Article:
If you didn't already know, I've spent a majority of the last month having solo Studio Ghibli marathons while simultaneously crying and live-tweeting about it. This time around, I watched an NHK documentary about the studio's co-founder, Hayao Miyazaki. It's called Never-Ending Man: Hayao Miyazaki and it details the legendary anime director's life after announcing his retirement in 2013 and (surprise, surprise!) how he comes out of it. It's a fascinating documentary and humbling to watch Miyazaki, a master of his craft, learn how to embrace CGI to help execute the vision for his upcoming Boro the Caterpillar film. Even as he faces challenges along the way, Miyazaki provides the following words of wisdom about perseverance:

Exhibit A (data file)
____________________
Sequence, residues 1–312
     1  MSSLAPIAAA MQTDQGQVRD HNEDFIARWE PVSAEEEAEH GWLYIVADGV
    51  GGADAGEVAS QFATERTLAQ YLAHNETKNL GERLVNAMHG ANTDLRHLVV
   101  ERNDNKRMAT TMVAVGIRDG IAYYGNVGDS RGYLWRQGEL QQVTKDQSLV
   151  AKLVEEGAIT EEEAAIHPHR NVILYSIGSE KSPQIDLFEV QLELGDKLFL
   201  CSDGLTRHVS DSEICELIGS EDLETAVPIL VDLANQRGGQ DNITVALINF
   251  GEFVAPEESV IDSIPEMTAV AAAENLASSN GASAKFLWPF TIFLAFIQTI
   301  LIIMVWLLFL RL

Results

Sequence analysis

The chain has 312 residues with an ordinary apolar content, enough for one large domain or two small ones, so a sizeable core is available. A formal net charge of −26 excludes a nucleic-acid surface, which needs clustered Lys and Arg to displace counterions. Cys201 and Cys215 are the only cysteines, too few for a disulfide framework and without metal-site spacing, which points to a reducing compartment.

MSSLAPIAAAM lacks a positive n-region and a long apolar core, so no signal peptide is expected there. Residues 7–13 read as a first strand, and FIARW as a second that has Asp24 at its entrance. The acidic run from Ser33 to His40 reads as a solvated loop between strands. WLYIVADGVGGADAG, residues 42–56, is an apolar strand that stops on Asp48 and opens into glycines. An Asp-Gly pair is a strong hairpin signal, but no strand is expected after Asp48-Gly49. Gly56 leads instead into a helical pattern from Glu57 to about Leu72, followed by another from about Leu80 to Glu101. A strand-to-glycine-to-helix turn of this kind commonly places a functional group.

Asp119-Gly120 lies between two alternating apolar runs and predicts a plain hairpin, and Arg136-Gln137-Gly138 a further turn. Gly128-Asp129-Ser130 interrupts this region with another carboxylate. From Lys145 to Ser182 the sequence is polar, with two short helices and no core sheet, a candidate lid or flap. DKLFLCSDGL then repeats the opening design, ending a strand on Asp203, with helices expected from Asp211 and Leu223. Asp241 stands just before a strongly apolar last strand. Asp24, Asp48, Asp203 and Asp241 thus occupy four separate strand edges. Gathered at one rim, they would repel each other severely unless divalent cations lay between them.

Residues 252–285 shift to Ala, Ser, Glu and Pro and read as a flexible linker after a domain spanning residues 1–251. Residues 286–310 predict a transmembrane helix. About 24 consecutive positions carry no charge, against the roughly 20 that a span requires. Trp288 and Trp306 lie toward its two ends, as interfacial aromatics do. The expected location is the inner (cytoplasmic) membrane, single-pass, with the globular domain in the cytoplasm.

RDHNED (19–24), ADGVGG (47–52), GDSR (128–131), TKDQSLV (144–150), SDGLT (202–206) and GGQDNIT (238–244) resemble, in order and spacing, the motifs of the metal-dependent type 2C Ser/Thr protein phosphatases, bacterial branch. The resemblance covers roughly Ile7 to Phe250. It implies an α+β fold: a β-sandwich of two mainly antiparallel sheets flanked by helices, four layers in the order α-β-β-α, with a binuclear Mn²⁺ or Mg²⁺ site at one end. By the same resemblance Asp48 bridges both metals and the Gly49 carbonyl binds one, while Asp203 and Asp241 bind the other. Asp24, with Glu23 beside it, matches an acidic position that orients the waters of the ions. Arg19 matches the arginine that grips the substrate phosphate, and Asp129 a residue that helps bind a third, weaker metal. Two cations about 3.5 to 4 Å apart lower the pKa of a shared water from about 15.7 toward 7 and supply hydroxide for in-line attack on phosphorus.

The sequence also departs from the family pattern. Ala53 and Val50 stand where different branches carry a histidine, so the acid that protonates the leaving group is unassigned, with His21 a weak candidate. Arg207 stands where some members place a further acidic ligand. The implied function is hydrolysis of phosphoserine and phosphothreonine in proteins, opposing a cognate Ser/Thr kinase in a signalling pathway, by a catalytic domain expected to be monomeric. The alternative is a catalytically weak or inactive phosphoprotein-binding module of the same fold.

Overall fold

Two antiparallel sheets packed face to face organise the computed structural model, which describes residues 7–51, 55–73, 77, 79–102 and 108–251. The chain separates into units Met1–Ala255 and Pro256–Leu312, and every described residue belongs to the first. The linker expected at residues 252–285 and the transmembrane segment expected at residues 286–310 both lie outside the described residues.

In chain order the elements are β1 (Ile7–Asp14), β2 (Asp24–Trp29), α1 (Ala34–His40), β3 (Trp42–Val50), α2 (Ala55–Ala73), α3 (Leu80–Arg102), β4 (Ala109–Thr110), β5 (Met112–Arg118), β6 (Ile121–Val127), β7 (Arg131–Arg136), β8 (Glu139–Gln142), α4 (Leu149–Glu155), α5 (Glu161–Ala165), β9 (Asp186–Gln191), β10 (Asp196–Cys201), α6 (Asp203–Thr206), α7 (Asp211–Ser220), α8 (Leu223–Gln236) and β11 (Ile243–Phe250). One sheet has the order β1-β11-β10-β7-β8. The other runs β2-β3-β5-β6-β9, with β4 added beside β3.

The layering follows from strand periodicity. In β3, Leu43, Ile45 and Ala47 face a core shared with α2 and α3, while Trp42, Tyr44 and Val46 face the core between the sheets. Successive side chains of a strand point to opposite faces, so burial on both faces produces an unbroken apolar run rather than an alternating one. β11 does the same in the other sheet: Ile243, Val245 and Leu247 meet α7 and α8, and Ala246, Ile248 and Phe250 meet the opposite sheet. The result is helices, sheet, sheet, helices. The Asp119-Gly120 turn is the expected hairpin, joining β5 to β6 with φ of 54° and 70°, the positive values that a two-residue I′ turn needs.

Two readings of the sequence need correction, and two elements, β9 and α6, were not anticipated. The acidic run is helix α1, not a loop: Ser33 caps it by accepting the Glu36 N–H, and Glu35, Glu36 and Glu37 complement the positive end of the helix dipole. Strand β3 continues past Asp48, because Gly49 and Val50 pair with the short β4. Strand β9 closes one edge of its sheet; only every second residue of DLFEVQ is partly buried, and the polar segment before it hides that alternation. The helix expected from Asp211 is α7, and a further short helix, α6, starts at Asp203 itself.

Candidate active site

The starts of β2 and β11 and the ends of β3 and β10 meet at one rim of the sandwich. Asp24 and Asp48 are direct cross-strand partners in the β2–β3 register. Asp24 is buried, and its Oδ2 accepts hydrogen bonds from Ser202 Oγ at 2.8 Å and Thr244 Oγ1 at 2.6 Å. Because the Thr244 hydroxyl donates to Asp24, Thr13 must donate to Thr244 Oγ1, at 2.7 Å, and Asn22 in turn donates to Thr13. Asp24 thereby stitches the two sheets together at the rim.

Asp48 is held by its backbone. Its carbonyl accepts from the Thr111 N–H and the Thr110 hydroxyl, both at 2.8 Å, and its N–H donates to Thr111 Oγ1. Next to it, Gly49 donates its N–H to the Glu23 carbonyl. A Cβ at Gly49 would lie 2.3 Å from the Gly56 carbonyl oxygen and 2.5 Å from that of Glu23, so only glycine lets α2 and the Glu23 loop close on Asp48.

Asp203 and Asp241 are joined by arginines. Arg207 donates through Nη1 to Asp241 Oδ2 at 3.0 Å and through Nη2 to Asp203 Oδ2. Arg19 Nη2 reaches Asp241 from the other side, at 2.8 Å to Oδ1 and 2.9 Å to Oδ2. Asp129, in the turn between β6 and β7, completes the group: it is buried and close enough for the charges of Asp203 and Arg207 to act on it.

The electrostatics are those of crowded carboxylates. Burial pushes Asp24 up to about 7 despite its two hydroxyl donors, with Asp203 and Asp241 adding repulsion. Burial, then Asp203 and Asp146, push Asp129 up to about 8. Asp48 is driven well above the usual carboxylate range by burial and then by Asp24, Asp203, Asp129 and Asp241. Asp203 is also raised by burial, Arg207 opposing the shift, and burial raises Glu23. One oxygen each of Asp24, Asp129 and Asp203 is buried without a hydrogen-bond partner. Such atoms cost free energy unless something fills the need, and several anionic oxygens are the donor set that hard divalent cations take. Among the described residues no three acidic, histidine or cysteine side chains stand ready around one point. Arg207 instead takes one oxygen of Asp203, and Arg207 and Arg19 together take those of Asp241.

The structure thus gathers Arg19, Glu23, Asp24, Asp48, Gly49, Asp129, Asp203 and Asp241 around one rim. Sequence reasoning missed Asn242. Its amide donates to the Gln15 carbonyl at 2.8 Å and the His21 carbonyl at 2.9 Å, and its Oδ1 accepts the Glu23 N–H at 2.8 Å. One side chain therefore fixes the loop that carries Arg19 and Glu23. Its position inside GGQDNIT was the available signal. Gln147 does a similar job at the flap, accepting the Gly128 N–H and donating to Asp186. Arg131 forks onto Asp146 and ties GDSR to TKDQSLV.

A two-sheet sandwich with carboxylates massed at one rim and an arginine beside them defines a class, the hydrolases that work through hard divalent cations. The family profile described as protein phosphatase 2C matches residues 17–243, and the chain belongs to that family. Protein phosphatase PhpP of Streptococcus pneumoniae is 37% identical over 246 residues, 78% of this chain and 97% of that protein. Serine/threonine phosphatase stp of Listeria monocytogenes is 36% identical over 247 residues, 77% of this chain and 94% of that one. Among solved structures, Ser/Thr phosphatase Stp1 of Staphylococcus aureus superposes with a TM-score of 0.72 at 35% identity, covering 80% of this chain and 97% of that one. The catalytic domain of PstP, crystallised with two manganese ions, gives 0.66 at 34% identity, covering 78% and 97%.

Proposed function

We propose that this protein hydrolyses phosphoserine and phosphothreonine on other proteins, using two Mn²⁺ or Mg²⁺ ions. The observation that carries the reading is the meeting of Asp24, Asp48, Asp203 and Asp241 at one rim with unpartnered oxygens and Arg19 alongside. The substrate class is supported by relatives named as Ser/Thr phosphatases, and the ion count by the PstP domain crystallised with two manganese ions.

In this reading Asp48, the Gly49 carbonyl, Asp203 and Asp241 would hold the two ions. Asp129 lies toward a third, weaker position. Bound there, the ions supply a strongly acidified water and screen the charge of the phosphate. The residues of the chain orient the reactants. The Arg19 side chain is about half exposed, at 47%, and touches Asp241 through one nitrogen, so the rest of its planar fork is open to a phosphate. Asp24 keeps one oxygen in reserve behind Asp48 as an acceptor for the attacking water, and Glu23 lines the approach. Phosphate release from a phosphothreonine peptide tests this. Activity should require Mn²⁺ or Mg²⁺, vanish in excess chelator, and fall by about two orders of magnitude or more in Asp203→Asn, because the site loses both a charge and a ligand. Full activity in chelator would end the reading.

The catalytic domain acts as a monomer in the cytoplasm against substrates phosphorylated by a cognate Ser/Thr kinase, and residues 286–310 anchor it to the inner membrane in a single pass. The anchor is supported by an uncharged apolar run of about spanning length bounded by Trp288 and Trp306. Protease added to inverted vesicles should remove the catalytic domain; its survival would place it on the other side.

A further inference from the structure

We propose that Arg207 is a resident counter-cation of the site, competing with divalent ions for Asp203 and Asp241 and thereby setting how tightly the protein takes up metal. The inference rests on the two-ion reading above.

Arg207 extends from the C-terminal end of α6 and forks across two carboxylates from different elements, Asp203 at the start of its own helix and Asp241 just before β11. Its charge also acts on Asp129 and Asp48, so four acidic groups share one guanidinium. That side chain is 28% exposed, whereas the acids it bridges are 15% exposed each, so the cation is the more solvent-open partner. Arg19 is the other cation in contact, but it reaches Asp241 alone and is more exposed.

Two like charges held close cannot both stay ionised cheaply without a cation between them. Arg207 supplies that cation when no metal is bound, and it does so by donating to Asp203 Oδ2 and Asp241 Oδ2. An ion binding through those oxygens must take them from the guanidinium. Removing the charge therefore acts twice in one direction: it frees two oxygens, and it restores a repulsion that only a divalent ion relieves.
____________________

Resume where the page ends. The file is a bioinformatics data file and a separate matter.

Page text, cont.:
"I never want to regret not trying something. It's better to try and fail. I believe that. I really do."
Miyakazi has always been unrelenting when it comes to his artistry. He himself acknowledges that was part of Studio Ghibli's success and ultimately, its demise. I highly recommend watching the whole video below. As Miyazaki talks about his colleagues passing away and his own heart condition, the central theme of the documentary is the shortness of time. As a man in his seventies, he accepts old age as a sad truth, and mortality a reality. Miyazaki later says that he'd rather die with having something to look forward to than die while doing nothing at all; and no matter how old or young you are, there's a lot of merit in this way of living your life.